A quantitative model of capabilities in multi-agent systems Conference Paper uri icon


  • Reasoning about capabilities in multi-agent systems is crucial for many applications. There are two aspects of reasoning about the capabilities of an agent to achieve its goals. One is the symbolic, logical reasoning, which is based on whether the agent can determine a plan that can be used to achieve a goal (i.e. "know-how"). Another is quantitative reasoning about levels of skill and whether a set of tasks can be achieved within a specified time and with quality constraints. Capabilities in this sense are determined by the limits of internal processing capacity. Both artificial agents and human agents can be subject to processing capacity limits, whether due to CPU speed, or cognitive limits on attention, memory, etc. This could depend not only on the unique skill levels of each individual and their cognitive abilities, but also on their ability to handle those task demands in parallel, given intrinsic limits on internal cognitive resource capacities. In past work, researchers have focused primarily on the logical aspect of capability reasoning; less work has been done on modeling the quantitative aspects of reasoning about capabilities in agents. In this paper, we introduce a general mathematical model to define the capabilities of agents to achieve a set of tasks. Our definitions of capabilities are based on whether a feasible schedule exists to complete the tasks within the constraints, either in static environments or dynamic environments, for which we present two corresponding preliminary scheduling algorithms. We illustrate this model with two experiments to evaluate the algorithms. We conclude by discussing the potential applications of this model, and future work.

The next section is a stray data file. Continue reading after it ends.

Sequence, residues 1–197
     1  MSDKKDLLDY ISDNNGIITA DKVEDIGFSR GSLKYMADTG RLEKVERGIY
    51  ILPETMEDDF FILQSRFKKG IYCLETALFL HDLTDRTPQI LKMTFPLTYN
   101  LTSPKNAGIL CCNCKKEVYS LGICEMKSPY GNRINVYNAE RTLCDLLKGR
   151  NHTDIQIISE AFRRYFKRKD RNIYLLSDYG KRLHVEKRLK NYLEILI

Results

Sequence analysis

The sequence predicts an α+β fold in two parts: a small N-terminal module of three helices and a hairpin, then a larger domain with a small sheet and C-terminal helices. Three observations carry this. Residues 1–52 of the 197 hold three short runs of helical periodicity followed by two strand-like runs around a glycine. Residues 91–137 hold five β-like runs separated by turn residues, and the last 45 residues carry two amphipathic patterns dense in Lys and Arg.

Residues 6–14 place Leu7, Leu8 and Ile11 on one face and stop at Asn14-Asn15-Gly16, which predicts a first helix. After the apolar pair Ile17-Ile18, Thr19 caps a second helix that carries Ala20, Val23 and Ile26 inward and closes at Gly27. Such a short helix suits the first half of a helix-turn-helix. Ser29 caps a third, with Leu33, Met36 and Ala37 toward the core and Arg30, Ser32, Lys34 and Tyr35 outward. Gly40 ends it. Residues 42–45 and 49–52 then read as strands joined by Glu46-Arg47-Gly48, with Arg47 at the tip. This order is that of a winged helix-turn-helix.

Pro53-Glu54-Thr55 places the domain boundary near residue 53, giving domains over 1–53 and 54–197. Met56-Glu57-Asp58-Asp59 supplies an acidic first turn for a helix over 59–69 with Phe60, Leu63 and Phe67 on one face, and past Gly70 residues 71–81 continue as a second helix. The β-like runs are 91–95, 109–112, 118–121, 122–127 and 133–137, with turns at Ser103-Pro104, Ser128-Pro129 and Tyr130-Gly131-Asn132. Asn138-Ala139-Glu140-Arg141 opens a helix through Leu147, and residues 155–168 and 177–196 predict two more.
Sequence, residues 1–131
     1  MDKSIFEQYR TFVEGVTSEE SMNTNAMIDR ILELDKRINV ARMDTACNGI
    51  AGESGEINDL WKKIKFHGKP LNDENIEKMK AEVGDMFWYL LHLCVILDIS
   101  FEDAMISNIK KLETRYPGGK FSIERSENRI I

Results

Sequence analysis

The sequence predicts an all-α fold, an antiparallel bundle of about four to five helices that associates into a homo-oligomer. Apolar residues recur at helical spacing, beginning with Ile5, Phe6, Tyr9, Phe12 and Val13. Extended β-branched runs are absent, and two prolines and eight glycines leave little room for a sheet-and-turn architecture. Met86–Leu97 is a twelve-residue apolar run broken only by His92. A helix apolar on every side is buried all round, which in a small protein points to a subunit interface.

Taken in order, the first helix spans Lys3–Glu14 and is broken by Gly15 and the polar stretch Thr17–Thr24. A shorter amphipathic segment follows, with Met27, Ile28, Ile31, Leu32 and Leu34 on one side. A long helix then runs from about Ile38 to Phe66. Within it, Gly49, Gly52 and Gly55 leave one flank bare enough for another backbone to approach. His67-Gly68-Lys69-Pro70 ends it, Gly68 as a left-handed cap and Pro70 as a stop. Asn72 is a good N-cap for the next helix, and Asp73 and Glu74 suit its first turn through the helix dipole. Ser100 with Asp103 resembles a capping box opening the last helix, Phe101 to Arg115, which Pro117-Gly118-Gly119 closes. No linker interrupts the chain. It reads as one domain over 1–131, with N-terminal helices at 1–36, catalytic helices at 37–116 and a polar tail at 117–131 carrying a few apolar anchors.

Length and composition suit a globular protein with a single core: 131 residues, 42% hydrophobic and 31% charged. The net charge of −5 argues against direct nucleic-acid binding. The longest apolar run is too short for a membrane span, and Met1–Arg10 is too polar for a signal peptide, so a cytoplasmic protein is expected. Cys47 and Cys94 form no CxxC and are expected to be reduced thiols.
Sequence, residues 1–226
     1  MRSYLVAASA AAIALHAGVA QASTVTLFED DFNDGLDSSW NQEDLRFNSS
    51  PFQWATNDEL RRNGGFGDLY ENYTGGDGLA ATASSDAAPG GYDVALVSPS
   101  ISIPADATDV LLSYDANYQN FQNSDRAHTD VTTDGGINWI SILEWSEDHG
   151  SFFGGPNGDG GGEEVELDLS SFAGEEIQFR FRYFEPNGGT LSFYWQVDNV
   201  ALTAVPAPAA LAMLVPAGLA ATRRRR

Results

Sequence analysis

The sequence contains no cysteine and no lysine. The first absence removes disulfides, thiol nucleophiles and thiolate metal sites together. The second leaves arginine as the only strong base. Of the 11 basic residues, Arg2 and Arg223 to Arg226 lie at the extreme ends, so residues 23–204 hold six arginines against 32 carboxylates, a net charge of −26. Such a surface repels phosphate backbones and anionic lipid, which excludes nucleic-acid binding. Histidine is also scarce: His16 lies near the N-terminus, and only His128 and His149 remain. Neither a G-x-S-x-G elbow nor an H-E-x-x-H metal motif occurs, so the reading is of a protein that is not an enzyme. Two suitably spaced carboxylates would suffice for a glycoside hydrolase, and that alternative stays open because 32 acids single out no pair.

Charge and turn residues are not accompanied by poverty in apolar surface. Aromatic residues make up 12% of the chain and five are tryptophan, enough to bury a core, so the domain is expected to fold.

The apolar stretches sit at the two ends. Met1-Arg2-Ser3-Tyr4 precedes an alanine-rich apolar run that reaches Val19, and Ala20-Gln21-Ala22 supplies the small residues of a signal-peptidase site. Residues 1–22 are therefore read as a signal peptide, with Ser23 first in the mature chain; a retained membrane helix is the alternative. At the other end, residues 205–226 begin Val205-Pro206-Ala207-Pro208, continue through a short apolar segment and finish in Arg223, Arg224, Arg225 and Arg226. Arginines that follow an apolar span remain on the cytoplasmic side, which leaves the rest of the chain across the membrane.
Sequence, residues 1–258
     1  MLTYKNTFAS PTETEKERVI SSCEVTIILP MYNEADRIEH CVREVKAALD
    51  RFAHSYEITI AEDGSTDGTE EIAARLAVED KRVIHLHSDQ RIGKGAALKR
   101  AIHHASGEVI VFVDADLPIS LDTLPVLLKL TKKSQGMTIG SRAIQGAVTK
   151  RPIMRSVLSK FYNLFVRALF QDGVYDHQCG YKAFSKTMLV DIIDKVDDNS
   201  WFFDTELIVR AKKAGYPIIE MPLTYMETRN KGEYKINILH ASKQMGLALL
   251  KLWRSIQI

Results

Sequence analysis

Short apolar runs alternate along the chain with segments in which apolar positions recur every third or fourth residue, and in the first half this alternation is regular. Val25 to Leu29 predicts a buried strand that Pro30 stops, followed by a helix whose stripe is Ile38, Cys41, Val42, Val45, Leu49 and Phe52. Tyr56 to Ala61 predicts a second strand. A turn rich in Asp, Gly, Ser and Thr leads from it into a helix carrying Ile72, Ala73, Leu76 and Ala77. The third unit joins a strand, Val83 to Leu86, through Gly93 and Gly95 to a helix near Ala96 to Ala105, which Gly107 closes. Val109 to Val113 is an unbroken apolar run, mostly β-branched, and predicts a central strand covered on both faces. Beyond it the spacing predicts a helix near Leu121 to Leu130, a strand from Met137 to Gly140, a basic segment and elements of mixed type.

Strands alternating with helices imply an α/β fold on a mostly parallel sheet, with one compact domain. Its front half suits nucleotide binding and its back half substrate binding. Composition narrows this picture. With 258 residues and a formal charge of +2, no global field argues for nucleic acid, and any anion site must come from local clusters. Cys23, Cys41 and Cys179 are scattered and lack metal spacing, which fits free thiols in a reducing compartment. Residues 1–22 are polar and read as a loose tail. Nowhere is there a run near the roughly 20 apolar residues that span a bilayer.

published proceedings

  • Proceedings of the International Conference on Artificial Intelligence IC-AI 2003

author list (cited authors)

  • He, L., & Ioerger, T. R.

complete list of authors

  • He, L||Ioerger, TR

editor list (cited editors)

  • Arabnia, H. R., Joshua, R., & Mun, Y.

publication date

  • December 2003